Training pharmacists and pharmacy assistants in the stage-of-change model of smoking cessation: a randomised controlled trial in Scotland

H K Sinclair, C M Bond, A S Lennox, J Silcock, A J Winfield, P T Donnan

Research output: Contribution to journalArticle

88 Citations (Scopus)

Abstract

Objective-To evaluate a training workshop for community pharmacy personnel to improve their counselling in smoking cessation based on the stage-of-change model.

Design-A randomised controlled trial of community pharmacies and pharmacy customers.

Setting-All 76 non-city community pharmacies registered in Grampian, Scotland, were invited to participate. Sixty-two pharmacies (82%) were recruited.

Subjects-All the intervention pharmacy personnel were invited to attend the training; 40 pharmacists and 54 assistants attended. A total of 492 customers who smoked (224 intervention, 268 controls) were recruited during the 12-month recruitment period (overall recruitment rate 63%).

Main outcome measures-The perceptions of customers and pharmacy personnel of the pharmacy support and self-reported smoking cessation rates for the two groups of customers at one, four, and nine months.

Results-The intervention customer respondents were significantly more likely to have discussed stopping smoking with pharmacy personnel, 85% (113) compared with 62% (99) of the controls (p<0.001). The former also rated their discussion more highly; 34% (45) of the intervention customers compared with 16% (25) of the controls rated it as "very useful" (p = 0.048). Assuming non-responders had lapsed, one-month point prevalence of abstinence was claimed by 30% of intervention customers and 24% of controls (p = 0.12); four months' continuous abstinence was claimed by 16% of intervention customers and 11% of controls (p = 0.094); and nine months' continuous abstinence was claimed by 12% of intervention customers and 7% of controls (p = 0.089). These trends in outcome were not affected by potential confounders (sex, age, socioeconomic status, nicotine dependence, and type of nicotine replacement product used) or adjustment for clustering.

Conclusions-The intervention was associated with increased and more highly rated counselling, and a trend toward abstinence was intervention higher smoking cessation rates, indicating that community pharmacy personnel have the potential to make a significant contribution to national smoking cessation targets.

Original languageEnglish
Pages (from-to)253-261
Number of pages9
JournalTobacco Control
Volume7
Publication statusPublished - 1998

Keywords

  • community pharmacy
  • health education
  • smoking cessation
  • COMMUNITY PHARMACIST

Cite this

Training pharmacists and pharmacy assistants in the stage-of-change model of smoking cessation: a randomised controlled trial in Scotland. / Sinclair, H K ; Bond, C M ; Lennox, A S ; Silcock, J ; Winfield, A J ; Donnan, P T .

In: Tobacco Control, Vol. 7, 1998, p. 253-261.

Research output: Contribution to journalArticle

Sinclair, H K ; Bond, C M ; Lennox, A S ; Silcock, J ; Winfield, A J ; Donnan, P T . / Training pharmacists and pharmacy assistants in the stage-of-change model of smoking cessation: a randomised controlled trial in Scotland. In: Tobacco Control. 1998 ; Vol. 7. pp. 253-261.
@article{358cc5f6f6174f059dcb66c2fd44e3ca,
title = "Training pharmacists and pharmacy assistants in the stage-of-change model of smoking cessation: a randomised controlled trial in Scotland",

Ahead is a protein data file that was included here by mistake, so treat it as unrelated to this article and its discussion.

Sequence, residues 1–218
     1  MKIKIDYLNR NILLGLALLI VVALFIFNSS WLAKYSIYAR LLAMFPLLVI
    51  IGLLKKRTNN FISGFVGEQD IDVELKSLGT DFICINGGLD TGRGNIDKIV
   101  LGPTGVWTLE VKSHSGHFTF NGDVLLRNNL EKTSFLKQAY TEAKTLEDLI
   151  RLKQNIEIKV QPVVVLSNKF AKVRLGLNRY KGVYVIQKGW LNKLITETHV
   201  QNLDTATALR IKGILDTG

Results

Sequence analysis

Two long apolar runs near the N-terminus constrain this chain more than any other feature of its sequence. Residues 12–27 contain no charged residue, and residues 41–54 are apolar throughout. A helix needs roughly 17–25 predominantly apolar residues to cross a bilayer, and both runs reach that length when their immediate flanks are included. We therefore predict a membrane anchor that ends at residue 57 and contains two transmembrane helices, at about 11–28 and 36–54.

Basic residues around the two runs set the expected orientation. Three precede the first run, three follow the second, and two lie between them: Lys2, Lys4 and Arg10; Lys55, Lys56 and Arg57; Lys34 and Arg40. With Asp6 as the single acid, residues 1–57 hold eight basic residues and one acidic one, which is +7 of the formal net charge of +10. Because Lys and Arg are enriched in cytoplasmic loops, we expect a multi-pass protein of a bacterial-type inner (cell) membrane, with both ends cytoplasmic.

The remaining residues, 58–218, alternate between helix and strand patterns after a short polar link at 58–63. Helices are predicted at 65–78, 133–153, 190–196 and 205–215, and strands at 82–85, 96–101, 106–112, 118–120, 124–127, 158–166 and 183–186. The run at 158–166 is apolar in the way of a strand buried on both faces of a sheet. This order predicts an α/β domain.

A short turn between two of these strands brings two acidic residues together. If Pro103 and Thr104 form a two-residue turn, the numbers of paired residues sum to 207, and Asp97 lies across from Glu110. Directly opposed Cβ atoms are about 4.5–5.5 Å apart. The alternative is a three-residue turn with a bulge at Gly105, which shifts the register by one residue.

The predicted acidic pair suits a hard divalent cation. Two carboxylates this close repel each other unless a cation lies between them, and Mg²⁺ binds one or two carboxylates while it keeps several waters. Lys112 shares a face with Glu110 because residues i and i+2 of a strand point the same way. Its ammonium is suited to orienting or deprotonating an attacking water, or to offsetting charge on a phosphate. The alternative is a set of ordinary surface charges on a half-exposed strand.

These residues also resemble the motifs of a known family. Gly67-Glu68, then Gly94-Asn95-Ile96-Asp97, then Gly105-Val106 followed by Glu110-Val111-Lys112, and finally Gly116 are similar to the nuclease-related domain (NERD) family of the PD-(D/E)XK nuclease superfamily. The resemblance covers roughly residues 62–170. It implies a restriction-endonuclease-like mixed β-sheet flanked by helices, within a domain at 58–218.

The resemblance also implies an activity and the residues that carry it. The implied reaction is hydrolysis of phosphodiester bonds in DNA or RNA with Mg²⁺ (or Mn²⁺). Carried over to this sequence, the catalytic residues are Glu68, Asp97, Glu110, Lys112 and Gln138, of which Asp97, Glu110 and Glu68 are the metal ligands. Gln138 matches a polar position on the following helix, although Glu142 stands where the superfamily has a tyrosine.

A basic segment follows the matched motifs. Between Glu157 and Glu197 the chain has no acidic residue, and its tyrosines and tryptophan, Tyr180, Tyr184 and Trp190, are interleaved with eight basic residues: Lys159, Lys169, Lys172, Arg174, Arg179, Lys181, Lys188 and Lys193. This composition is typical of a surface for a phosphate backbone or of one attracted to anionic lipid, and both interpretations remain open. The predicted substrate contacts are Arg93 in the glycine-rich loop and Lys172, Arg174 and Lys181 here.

abstract = "Objective-To evaluate a training workshop for community pharmacy personnel to improve their counselling in smoking cessation based on the stage-of-change model.Design-A randomised controlled trial of community pharmacies and pharmacy customers.Setting-All 76 non-city community pharmacies registered in Grampian, Scotland, were invited to participate. Sixty-two pharmacies (82{\%}) were recruited.Subjects-All the intervention pharmacy personnel were invited to attend the training; 40 pharmacists and 54 assistants attended. A total of 492 customers who smoked (224 intervention, 268 controls) were recruited during the 12-month recruitment period (overall recruitment rate 63{\%}).Main outcome measures-The perceptions of customers and pharmacy personnel of the pharmacy support and self-reported smoking cessation rates for the two groups of customers at one, four, and nine months.Results-The intervention customer respondents were significantly more likely to have discussed stopping smoking with pharmacy personnel, 85{\%} (113) compared with 62{\%} (99) of the controls (p<0.001). The former also rated their discussion more highly; 34{\%} (45) of the intervention customers compared with 16{\%} (25) of the controls rated it as {"}very useful{"} (p = 0.048). Assuming non-responders had lapsed, one-month point prevalence of abstinence was claimed by 30{\%} of intervention customers and 24{\%} of controls (p = 0.12); four months' continuous abstinence was claimed by 16{\%} of intervention customers and 11{\%} of controls (p = 0.094); and nine months' continuous abstinence was claimed by 12{\%} of intervention customers and 7{\%} of controls (p = 0.089). These trends in outcome were not affected by potential confounders (sex, age, socioeconomic status, nicotine dependence, and type of nicotine replacement product used) or adjustment for clustering.Conclusions-The intervention was associated with increased and more highly rated counselling, and a trend toward abstinence was intervention higher smoking cessation rates, indicating that community pharmacy personnel have the potential to make a significant contribution to national smoking cessation targets.",